CT scan for bladder cancer
A CT (computerised tomography) scan uses x-rays and a computer to create a detailed picture of the inside of the body.
A scan of the urinary system may be called a CT urogram, CT IVP (intravenous pyelogram) or a triple-phase abdomen and pelvis CT – these are different names for the same test. Some people have a CT scan of other areas of the body to see if the cancer has spread.
CT scans are usually done at a hospital or a radiology clinic. When you make the appointment for the scan, you will be given instructions to follow about what you can eat and drink before the scan.
As part of the procedure, a dye (the contrast) is injected into one of your veins. The dye travels through your bloodstream to the kidneys, ureters and bladder, and helps show up abnormal areas more clearly.
The scan is usually done three times: once before the dye is injected, once immediately afterwards, and then again a bit later. The dye may make you feel hot all over and cause some discomfort in the abdomen. Symptoms should ease quickly, but tell the person doing the scan if you feel unwell.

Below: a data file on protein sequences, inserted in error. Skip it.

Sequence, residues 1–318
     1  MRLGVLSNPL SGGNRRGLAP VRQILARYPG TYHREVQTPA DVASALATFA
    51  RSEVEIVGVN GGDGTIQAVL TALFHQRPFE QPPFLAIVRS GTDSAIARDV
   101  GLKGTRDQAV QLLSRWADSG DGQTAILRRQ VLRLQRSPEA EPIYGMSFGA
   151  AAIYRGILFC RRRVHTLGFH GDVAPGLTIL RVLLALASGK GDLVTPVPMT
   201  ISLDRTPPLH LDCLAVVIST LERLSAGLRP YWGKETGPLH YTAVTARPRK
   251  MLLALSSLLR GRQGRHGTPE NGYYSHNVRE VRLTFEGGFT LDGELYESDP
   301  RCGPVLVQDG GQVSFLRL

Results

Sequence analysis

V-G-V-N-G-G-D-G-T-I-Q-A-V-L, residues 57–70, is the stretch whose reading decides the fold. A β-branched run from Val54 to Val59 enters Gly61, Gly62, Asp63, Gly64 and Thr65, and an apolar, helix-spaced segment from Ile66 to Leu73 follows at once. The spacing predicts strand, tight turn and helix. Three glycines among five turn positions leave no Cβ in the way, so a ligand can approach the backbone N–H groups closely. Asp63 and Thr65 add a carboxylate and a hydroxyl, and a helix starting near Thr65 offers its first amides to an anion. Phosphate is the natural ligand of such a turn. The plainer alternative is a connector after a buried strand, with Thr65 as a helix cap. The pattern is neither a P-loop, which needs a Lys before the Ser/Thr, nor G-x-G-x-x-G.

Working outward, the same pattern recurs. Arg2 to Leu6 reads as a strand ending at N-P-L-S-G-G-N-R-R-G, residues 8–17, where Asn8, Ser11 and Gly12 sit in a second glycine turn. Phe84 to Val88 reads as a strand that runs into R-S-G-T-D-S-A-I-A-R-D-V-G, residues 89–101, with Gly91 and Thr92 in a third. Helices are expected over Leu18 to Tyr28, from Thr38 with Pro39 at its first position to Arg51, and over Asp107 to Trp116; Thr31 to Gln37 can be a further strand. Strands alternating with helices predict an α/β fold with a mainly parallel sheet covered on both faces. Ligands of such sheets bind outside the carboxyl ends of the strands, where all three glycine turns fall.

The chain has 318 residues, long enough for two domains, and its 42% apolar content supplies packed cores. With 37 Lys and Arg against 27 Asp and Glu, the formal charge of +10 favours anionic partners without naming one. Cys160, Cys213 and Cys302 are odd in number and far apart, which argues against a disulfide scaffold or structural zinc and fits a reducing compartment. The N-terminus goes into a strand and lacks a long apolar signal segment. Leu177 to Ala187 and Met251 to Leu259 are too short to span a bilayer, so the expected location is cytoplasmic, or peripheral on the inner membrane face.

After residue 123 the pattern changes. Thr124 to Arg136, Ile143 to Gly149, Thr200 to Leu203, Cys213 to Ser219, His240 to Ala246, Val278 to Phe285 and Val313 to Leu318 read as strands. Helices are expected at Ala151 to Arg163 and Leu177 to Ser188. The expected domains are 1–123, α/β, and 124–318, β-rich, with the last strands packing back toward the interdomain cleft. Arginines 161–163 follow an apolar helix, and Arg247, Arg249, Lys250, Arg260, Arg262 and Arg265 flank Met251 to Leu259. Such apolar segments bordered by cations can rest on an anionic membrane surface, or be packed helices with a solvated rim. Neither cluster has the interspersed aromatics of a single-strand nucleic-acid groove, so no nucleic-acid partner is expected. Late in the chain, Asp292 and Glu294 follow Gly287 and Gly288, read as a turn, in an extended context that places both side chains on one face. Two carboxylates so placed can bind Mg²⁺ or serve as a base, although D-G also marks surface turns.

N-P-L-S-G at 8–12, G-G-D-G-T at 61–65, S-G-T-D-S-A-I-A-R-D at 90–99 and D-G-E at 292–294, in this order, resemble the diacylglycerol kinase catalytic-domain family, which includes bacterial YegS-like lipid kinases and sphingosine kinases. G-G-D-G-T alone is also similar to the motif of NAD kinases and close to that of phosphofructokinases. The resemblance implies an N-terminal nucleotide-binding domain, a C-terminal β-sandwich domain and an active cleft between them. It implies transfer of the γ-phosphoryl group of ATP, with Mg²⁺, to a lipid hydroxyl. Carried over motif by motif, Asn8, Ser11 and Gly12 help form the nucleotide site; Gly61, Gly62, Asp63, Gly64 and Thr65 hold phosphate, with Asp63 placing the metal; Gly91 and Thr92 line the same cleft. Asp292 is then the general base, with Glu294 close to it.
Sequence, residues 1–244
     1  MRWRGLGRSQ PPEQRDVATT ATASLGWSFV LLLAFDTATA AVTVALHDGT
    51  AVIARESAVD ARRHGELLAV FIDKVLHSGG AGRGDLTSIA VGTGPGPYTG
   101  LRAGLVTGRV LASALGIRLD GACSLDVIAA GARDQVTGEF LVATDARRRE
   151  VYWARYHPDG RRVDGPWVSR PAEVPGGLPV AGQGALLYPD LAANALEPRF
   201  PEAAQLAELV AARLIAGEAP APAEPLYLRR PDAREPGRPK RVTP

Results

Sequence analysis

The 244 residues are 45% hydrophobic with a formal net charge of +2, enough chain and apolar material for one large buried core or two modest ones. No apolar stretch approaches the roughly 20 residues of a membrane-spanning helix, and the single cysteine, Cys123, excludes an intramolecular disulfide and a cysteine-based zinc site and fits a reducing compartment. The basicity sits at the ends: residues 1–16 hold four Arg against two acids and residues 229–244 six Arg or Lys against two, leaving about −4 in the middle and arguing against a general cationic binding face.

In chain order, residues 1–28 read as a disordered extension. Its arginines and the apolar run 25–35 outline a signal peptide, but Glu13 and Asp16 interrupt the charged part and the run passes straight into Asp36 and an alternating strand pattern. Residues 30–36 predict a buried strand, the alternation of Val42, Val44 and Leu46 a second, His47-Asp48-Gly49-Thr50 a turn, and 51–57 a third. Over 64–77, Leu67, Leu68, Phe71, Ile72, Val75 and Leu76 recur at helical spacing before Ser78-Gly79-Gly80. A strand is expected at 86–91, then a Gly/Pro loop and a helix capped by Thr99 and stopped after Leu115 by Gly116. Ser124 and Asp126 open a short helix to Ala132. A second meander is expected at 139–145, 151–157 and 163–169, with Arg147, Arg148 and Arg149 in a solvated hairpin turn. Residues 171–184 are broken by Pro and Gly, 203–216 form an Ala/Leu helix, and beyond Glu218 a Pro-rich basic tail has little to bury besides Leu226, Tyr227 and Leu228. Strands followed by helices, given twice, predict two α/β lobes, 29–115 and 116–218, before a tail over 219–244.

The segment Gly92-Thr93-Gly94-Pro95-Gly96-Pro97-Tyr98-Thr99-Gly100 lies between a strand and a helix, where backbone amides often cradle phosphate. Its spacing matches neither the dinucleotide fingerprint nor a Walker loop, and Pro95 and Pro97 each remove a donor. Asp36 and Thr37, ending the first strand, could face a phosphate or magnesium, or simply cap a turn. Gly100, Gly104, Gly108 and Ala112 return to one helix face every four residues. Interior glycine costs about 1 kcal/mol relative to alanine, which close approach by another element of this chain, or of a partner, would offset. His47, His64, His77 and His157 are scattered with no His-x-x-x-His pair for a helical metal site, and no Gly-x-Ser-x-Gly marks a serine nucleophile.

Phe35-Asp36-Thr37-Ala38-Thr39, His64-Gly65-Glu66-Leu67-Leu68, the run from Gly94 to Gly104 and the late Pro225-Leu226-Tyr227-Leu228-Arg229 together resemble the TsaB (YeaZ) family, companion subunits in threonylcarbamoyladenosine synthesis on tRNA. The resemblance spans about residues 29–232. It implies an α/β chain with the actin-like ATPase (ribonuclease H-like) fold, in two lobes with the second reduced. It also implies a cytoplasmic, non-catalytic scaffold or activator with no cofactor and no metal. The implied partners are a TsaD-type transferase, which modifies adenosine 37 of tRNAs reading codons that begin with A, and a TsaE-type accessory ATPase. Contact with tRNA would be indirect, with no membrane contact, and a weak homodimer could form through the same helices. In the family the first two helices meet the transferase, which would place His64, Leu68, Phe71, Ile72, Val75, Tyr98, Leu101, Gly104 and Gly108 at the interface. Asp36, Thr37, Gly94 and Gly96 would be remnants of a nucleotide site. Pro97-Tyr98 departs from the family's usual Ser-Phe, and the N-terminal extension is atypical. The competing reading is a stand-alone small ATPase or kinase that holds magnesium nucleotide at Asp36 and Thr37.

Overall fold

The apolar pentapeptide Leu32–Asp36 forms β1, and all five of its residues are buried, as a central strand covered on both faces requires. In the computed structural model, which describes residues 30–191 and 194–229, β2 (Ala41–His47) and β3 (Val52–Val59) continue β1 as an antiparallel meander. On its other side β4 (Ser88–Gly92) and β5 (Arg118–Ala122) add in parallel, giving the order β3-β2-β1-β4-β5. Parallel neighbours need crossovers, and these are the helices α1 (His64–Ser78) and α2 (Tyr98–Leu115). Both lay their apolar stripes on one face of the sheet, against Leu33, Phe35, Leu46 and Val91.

During the scan, you will need to lie still on a table that moves in and out of the scanner, which is large and round like a doughnut. The whole procedure takes 30–45 minutes.
Before having scans, tell the doctor if you have any allergies or have had a reaction to contrast (dye) during previous scans. You should also let them know if you have diabetes or kidney disease or are pregnant or breastfeeding.
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Prof Dickon Hayne, Professor of Urology, UWA Medical School, The University of Western Australia, Chair of the Bladder, Urothelial and Penile Cancer Subcommittee, ANZUP Cancer Trials Group, and Head of Urology, South Metropolitan Health Service, WA; A/Prof Tom Shakespeare, Director, Radiation Oncology, Coffs Harbour, Port Macquarie and Lismore Public Hospitals, NSW; Helen Anderson, Genitourinary Cancer Nurse Navigator (CNS), Gold Coast University Hospital, QLD; BEAT Bladder Cancer Australia; Mark Jenkin, Consumer; Dr Ganessan Kichenadasse, Lead, SA Cancer Clinical Network, Commission of Excellence and Innovation in Health, and Medical Oncologist, Flinders Centre for Innovation in Cancer, SA; A/Prof James Lynam, Medical Oncology Staff Specialist, Calvary Mater Newcastle, NSW; Jack McDonald, Consumer; Caitriona Nienaber, 13 11 20 Consultant, Cancer Council WA; Tara Redemski, Senior Physiotherapist – Cancer and Blood Disorders, Gold Coast University Hospital, QLD; Prof Shomik Sengupta, Consultant Urologist, Eastern Health and Professor of Surgery, Eastern Health Clinical School, Monash University, VIC.
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